Plagiarism is no longer an undiagnosed disease that silently creeps in and kills. People are more aware than ever of its deadly impacts that they would do anything to keep it off. With plagiarism being one of the most talked about topics today, I would do no good to the reading community by jotting down another 400 words about it. While the blatant copy, paste plagiarism has been chased and thrashed and flogged, there are other subtle and equally deadly forms of it that never see the light of day. Yes, they lurk in the dark. And the reason one of them thrives? Because it is done with mutual consent.

What if the person is ready to give away a work of theirs willingly to be used in somebody else’s name? I know, I know, ghostwriting is an industry in itself and as long as writers don’t mind somebody else being credited for their work, who can blame them? But what if in this seemingly harmless process, someone is actually harmed?

College competitions are a great way to pave the platform for your talents. They could, and they have been in many cases, what you call stepping stones for a person’s work to gain recognition.  I believe the best way to hold such college writing competitions is to do them impromptu but just so people should turn up, they could be announced before hand. The topics however should be given on the spot to judge how well a person could write off the cuff. But I guess my seniors thought that giving a set of topics ahead of time would help competitors group their thoughts and decide what they want to write on. Fair enough. They must have felt that 18-20 year old boys and girls would never get someone to ghost write for them, learn it by heart and lay it down on paper just so they could score. So just imagine my sheer disappointment when I came to know the winner herself won this way!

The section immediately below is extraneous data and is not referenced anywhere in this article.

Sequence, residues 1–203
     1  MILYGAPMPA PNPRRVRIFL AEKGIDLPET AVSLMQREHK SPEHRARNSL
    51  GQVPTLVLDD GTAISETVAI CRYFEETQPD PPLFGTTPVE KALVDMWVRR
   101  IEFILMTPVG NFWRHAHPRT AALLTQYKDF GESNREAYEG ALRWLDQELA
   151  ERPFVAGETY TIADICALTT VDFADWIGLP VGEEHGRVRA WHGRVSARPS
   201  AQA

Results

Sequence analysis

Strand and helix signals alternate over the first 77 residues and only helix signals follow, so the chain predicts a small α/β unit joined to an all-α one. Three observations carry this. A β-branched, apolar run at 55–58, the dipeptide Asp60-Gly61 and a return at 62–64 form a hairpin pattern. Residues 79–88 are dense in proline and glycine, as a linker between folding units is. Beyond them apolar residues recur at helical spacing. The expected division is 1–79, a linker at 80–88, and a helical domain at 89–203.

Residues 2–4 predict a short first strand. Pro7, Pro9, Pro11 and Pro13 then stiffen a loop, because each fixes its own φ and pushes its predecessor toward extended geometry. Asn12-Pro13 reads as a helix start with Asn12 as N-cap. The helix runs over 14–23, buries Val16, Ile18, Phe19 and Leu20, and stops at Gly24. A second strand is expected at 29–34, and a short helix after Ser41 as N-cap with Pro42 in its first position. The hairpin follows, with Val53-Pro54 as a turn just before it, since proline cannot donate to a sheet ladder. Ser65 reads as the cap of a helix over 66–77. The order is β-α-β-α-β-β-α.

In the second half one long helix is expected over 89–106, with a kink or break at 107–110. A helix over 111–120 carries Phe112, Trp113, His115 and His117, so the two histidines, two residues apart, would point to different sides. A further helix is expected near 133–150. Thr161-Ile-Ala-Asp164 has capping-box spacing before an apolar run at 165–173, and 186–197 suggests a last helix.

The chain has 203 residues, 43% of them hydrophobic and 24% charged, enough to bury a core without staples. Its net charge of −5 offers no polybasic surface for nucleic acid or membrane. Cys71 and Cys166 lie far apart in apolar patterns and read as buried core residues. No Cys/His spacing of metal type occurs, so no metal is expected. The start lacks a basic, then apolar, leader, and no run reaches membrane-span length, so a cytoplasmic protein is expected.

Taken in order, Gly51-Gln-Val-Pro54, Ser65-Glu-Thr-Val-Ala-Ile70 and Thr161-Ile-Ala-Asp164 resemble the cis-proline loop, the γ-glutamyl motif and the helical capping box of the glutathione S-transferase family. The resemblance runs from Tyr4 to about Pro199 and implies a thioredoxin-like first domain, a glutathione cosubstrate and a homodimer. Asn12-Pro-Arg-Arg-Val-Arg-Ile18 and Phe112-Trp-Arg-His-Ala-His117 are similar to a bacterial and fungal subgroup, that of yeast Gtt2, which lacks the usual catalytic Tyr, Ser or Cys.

For someone out there, his/her much deserved victory has been denied and that according to me is sad and unfair.  It actually comes down to personal discretion. Can we even call this plagiarism? I would say plagiarism in camouflage. You judge.

P.S: Soon after I knew it happened, I discussed the incident with the person involved directly. She regrets it very much and from what I know of her, she would never do it again. Here, I am addressing the issue, rather than the person. 🙂


What's your say?

Fill in your details below or click an icon to log in: Logo

You are commenting using your account. Log Out /  Change )

Google+ photo

You are commenting using your Google+ account. Log Out /  Change )

Twitter picture

You are commenting using your Twitter account. Log Out /  Change )

Facebook photo

You are commenting using your Facebook account. Log Out /  Change )


Connecting to %s